Republicans running in two congressional races on the outskirts of Pittsburgh hammered Obama administration policies at a forum in Greensburg Thursday, while their Democratic opponents called for more bipartisanship in Washington, D.C.
U.S. Rep. Tim Murphy, R-Upper St. Clair, and fellow Republican Keith Rothfus, who is challenging in the 12th District, repeatedly criticized Mr. Obama's health care legislation and regulatory policies affecting the coal industry. Mr. Rothfus was particularly harsh on the president, showing he won't take a moderate path to the Nov. 6 election.
"I'm concerned about the direction Mr. Obama and his big government advocates are taking this country," the Sewickley attorney told about 100 people at a breakfast hosted by the Westmoreland County Chamber of Commerce. "Instead of growing jobs he's growing government. With a bias towards government that he has, is it any wonder he said you didn't build your business?"
His Democratic opponent, U.S. Rep. Mark Critz of Johnstown, showed his conservative stripes as well, noting he has fought Environmental Protection Agency policies on coal production, supports natural gas exploration and would have voted against the full "Obamacare" bill, even if he supports its planks extending coverage for young people, those with preexisting conditions or for prescription drug coverage.
"This is where we get to the core of why Congress is looked upon so poorly," said Mr. Critz, who first won a 2010 special election to replace his late boss, John Murtha. "We've got to work this out together. We have to come to the table with not a Democratic or Republican solution, but a solution that's best for our country. An American solution. That's what I support."
Mr. Murphy's 18th District opponent Larry Maggi, a Washington County commissioner, mirrored Critz's remarks. The foundation of the Democrat's campaign is built upon his county's embrace of the Marcellus Shale boom, which triggered the third-most job growth in any county nationwide. Mr. Maggi mentioned that economic success in six of his 10 answers on issues ranging from regulatory policies to transportation needs.
The refrain seemed to irk Mr. Murphy -- another supporter of the energy industry -- who told the crowd "I thought we'd get some idea of what my opponent stands for, and I still have no idea."
Afterward Mr. Maggi repeated his calls for boosting jobs via the energy sector and Washington County's attempts to cut government regulation and spending. "I'm not sure exactly what he did not understand about that, but we can sit there and pontificate forever. [Congress] has been pontificating for two years about these problems, and nothing's done," the former Marine and state trooper said.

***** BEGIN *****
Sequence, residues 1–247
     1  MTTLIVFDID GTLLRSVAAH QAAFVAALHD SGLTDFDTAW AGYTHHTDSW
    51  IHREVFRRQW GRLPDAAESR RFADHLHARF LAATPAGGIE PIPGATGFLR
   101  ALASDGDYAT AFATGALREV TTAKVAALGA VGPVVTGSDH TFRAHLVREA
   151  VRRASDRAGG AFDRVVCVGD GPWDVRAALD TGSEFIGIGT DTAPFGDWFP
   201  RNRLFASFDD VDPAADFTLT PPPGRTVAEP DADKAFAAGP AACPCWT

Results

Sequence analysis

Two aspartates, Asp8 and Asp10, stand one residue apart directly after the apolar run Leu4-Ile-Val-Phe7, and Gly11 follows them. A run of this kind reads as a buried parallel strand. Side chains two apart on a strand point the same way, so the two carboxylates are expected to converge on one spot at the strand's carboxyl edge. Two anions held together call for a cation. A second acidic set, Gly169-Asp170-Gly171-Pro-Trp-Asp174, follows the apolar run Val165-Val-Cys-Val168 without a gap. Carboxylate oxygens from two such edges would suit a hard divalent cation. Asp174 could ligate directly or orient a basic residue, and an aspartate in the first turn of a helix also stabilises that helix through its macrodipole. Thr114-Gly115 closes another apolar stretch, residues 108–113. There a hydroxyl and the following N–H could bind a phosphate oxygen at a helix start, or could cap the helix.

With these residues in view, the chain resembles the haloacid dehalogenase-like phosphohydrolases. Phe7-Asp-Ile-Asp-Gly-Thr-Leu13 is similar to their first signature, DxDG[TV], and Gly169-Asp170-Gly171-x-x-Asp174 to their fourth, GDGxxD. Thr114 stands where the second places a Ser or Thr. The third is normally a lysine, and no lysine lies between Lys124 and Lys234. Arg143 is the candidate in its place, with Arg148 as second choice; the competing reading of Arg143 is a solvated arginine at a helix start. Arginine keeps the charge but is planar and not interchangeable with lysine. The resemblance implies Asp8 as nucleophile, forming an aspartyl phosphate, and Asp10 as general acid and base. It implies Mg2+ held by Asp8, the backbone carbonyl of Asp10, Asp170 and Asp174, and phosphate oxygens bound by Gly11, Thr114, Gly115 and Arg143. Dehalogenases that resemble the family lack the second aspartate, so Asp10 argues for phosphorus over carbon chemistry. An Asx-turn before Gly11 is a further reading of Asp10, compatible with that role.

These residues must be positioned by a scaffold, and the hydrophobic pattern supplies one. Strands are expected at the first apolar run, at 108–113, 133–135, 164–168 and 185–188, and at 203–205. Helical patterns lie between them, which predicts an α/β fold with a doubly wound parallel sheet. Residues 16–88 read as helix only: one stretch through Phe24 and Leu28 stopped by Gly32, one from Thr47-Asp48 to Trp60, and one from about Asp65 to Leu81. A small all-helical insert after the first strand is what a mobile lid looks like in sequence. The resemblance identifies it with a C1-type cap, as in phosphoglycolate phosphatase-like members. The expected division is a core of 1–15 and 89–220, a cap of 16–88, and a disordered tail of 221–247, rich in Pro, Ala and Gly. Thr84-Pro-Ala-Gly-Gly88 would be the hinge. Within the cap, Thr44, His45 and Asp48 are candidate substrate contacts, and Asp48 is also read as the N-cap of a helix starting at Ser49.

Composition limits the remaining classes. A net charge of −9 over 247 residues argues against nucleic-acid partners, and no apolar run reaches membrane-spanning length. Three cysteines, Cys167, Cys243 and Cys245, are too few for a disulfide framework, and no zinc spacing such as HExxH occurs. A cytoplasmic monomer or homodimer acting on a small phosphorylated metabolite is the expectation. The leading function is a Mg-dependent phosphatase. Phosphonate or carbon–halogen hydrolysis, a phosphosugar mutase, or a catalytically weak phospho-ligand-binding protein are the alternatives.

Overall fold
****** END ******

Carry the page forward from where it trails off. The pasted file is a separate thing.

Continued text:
Bashing the White House makes good political sense for the Republican candidates. Their new districts, designed by GOP mapmakers, both voted handily for John McCain over Mr. Obama, and the new 12th District was stuffed with new Republican voters (only Luzerne County Republican U.S. Rep. Lou Barletta's 11th District got a bigger GOP boost).
"The president would rather be on 'The View' than meet with [Israeli Prime Minister] Benjamin Netanyahu, who is deeply concerned about the existence of his country and the annihilation and holocaust of his people," Mr. Murphy said, repeating a recent GOP talking point on the president.
His opponent, Mr. Maggi, would not say if he was voting for Mr. Obama, but Mr. Critz signaled he would. While the 12th District incumbent said he was focused on Western Pennsylvania and not the presidential election, he said "I'm a Democrat and I support the Democratic ticket."
(At the same time those at the forum were drinking their coffee and hearing those words, the Rothfus campaign was launching a new attack ad on Mr. Critz portraying him as a bobble-headed "yes-man" for the White House. Mr. Critz's campaign responded he is "one of the most independent members of Congress" and the ad contained "blatant falsehoods.")
Fights over job outsourcing and business with China have been another debate point in the 12th District race, and when asked about free trade agreements with China and other countries, Mr. Rothfus said "we need trade agreements because most the world has trade agreements. If we don't, others will fill that vacuum."
He also took another shot at Mr. Obama. "We need a new president, not someone who has bowed to China the last four years."
Mr. Critz argued that he tried to get a bill on Chinese currency manipulation (which depresses the cost of Chinese goods) to the House floor this session but it was blocked by GOP leadership.
China "can sell products in this country for less than we can buy the materials. There's no way to compete. We have to be strong in this debate and go after them," Mr. Critz said.
Mr. Murphy noted his similar efforts to crack down on China's currency moves and dumping of cheap steel. "Free trade is fair trade, and you have to have all these things working together," he said.
"In southwestern Pennsylvania and especially Washington County we can use our newfound energy resources we have," said Mr. Maggi. "Because we do have companies from overseas coming to southwestern Pennsylvania to set up, so that's important to continue to promote that."